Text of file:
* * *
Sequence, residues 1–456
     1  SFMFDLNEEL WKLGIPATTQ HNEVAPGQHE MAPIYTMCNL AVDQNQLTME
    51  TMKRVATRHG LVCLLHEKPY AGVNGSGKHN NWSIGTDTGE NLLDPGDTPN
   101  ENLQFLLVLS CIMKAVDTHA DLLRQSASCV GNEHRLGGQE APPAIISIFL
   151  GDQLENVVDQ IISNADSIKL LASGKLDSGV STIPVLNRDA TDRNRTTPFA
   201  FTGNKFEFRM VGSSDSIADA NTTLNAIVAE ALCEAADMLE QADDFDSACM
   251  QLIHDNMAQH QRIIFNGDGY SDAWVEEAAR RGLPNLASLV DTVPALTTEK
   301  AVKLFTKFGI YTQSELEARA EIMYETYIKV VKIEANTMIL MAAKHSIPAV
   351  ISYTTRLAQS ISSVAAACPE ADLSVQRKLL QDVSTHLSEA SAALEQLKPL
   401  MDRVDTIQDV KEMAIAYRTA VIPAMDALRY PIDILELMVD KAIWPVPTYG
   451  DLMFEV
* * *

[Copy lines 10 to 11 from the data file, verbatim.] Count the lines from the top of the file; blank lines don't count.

   401  MDRVDTIQDV KEMAIAYRTA VIPAMDALRY PIDILELMVD KAIWPVPTYG
   451  DLMFEV